Deploying to ECS with the AWS Cloud Development Kit, CodeBuild and CodePipeline

Audience

This article is aimed at engineers looking to understand a little bit more about the DevOps offerings from AWS. It assumes a small amount of familiarity with CI/CD, AWS, Docker, containerisation frameworks, Infrastructure as Code (IaC), and React. It isn’t necessary to have actually employed them, only to conceptually understand how they are used.

In this post we will be creating a small React application that we will build and deploy using AWS CodeBuild and AWS CodePipeline, hosting it on an ECS cluster. Some of the more simple infrastructure will be provisioned using the AWS Cloud Development Kit (CDK). Along the way we will be explaining the use of each of the components, and how they fit together.

Argument

The first thing we will do is introduce each of the different technologies we will be focussing on: CodeBuild, CodePipeline, ECS and the AWS CDK. React is not deemed to be one of these as we will be recycling a Docker based solution from a previous article.

CodeBuild is Amazon’s build tool offering. It allows us to compile, unit test and package software. It is fully managed, and automatically scales. It’s part of the wider suite of development tools, including CodePipeline. One of the most useful facets of CodeBuild is you only pay for the time you are building, unlike a Jenkins server which must remain up and ready for when you need it.

CodePipeline is Amazon’s CI/CD offering. It can orchestrate the CodeBuild component, as well as handle things like running automated tests and deploying your code to various environments. These steps are modelled as a pipeline (hence the name). It is fully managed and costs $1 per active pipeline a month.

ECS is Amazon’s fully managed container orchestration framework. It’s similar to EKS in many ways, but uses the AWS engine, rather than Kubernetes. It is used to deploy, manage, and scale containers. I would recommend reading through the attached article if you aren’t already familiar with container orchestration.

The AWS CDK is one of Amazon’s IaC offerings. It allows us to use familiar programming languages (TypeScript, Python, Java, .NET, and Go) to define our Cloudformation stacks, as well as offering helpful tools like the VS Code visualiser.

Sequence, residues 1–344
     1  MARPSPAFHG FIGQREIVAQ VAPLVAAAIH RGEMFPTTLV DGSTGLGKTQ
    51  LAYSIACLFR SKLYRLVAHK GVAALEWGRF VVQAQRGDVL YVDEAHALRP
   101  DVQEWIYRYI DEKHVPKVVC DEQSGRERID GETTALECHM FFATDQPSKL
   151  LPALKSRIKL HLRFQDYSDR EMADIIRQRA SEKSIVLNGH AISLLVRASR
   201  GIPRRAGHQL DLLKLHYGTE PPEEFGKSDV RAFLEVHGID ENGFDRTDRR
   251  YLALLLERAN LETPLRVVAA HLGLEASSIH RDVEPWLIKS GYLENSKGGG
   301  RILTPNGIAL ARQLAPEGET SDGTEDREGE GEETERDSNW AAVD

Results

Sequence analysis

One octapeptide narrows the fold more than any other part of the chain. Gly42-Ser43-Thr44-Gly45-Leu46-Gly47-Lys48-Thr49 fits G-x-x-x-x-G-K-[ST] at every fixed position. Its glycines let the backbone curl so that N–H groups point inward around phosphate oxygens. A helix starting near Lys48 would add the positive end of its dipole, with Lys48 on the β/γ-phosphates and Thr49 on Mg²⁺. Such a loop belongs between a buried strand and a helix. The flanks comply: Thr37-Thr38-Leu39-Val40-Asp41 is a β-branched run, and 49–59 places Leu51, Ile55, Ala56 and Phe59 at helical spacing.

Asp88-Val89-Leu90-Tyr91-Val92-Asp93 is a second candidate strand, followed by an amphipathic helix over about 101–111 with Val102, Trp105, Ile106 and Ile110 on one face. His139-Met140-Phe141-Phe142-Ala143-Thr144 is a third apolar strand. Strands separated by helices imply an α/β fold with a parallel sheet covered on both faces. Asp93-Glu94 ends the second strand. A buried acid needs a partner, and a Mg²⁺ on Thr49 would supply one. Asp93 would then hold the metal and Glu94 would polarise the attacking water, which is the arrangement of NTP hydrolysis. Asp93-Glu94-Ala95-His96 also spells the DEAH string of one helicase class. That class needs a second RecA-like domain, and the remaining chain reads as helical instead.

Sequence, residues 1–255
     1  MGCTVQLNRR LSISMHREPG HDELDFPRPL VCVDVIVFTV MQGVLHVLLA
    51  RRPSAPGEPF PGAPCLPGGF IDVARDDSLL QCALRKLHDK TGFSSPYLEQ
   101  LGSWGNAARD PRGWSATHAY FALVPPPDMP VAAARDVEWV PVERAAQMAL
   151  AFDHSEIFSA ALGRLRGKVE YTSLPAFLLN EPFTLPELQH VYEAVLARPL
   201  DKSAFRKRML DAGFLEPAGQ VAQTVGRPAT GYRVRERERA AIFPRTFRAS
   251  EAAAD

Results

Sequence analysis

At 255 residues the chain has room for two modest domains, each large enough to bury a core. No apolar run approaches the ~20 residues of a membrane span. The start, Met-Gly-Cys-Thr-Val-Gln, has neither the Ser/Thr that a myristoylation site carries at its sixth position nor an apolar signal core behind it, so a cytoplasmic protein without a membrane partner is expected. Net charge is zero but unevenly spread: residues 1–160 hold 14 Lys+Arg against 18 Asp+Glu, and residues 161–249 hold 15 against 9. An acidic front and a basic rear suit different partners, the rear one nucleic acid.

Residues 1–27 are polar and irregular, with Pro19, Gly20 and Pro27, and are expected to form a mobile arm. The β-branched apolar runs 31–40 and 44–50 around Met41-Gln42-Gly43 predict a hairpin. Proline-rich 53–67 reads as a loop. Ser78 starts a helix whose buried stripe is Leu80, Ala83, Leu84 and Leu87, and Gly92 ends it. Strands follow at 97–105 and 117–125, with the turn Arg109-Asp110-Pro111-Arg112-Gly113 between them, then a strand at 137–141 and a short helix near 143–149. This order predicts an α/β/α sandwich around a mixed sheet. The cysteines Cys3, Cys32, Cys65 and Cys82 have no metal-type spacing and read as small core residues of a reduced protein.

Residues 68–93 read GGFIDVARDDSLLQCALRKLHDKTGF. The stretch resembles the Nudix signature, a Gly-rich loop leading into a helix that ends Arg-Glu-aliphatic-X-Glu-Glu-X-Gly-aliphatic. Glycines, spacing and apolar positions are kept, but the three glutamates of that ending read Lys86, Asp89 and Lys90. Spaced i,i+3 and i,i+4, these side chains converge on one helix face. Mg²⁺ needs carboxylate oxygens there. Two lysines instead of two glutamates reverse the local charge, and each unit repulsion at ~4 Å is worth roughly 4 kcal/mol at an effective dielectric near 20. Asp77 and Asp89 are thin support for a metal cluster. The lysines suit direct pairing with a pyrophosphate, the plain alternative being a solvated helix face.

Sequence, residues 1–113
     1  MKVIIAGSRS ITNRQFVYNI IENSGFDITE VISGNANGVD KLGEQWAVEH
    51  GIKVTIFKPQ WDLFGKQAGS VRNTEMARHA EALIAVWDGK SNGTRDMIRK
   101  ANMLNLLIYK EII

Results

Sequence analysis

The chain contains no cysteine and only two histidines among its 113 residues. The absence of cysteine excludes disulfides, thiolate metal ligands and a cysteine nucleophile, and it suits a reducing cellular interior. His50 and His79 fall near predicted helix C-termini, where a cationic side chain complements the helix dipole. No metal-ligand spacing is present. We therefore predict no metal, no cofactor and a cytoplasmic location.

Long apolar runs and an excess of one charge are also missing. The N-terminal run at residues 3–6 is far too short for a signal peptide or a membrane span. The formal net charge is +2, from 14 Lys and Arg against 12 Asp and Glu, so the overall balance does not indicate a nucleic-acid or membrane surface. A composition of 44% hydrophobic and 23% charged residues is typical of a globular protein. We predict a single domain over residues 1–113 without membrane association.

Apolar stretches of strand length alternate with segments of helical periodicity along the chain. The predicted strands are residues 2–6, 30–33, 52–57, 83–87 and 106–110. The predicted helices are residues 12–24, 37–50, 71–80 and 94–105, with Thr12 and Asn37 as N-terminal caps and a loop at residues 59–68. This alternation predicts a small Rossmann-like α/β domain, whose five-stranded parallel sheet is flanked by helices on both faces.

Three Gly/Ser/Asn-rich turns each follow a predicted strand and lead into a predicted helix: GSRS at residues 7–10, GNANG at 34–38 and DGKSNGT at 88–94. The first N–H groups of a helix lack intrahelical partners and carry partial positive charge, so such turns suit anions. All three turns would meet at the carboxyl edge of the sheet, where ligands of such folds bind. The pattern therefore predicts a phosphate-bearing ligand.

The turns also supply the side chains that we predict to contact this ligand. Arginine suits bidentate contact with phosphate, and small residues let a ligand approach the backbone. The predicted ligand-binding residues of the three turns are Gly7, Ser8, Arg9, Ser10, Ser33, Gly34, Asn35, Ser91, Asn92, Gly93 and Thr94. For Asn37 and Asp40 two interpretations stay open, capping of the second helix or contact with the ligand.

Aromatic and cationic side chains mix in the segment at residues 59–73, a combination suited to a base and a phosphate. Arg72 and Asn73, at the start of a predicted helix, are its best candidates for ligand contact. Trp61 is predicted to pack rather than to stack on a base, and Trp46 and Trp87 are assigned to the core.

With all of that out the way, let’s get on to our example!

The aim of this article is to create an S3 bucket and ECR repository using the AWS CDK, then to push a React app to the S3 bucket, triggering CodePipeline, running a CodeBuild job, then finally deploying to a newly created ECS cluster.

The first thing we will do is examine our existing React project, which can be found at this repository (disclaimer, this was originally just for EKS applications, so there may be small components of it that refer solely to EKS, but it works for both). The overall outcome is a simple site displaying the below. You can run it locally to check!

Our example React application!

Once we’ve checked over this we would like to set up our S3 bucket and ECR repository using the AWS CDK.

We will be using the CDK with Typescript. All of the code for our example can be found in the repository here. We’ll need to download the AWS CDK using the below command.

npm install -g aws-cdk

We then need to initialise our repository using:

cdk init app --language typescript

Let’s start off simple and create an S3 bucket. We will be pushing our code there in order to trigger the code build.

We add the S3 dependency to our project.

npm install @aws-cdk/aws-s3

We then add a ts file defining our script as below.

We can generate our CloudFormation yaml file using the command.

cdk synth

We can then deploy our new bucket using:

cdk deploy CodeS3BucketStack

Which brings up our bucket! If we want to get rid of it we can do so using cdk destroy.

The other exciting thing about the AWS CDK is the ability to write tests for our infrastructure. There are three main types:

  • Snapshot tests: These test your new stack against the previous one to check for changes.
  • Fine-grained assertions: These test specific parts of your new infrastructure, such as making sure they have certain properties with certain values.
  • Validation tests: These make sure your code fails when it is passed invalid data.

We will only cover the first type of tests in this article, so as not to dilute the message. In the S3 bucket CDK code we have set the deletion policy to ‘Delete’. However, the default is ‘Retain’. Let’s add a test to make sure that we don’t accidentally regress to the default.

If we were to run the commands to build and test the project (npm run build && npm test) we would receive an error message similar to the below.

An example AWS CDK error message, highlighting the issues

We can use this to sense check the changes, and update the stack we deem as ‘acceptable’ using npm test --u.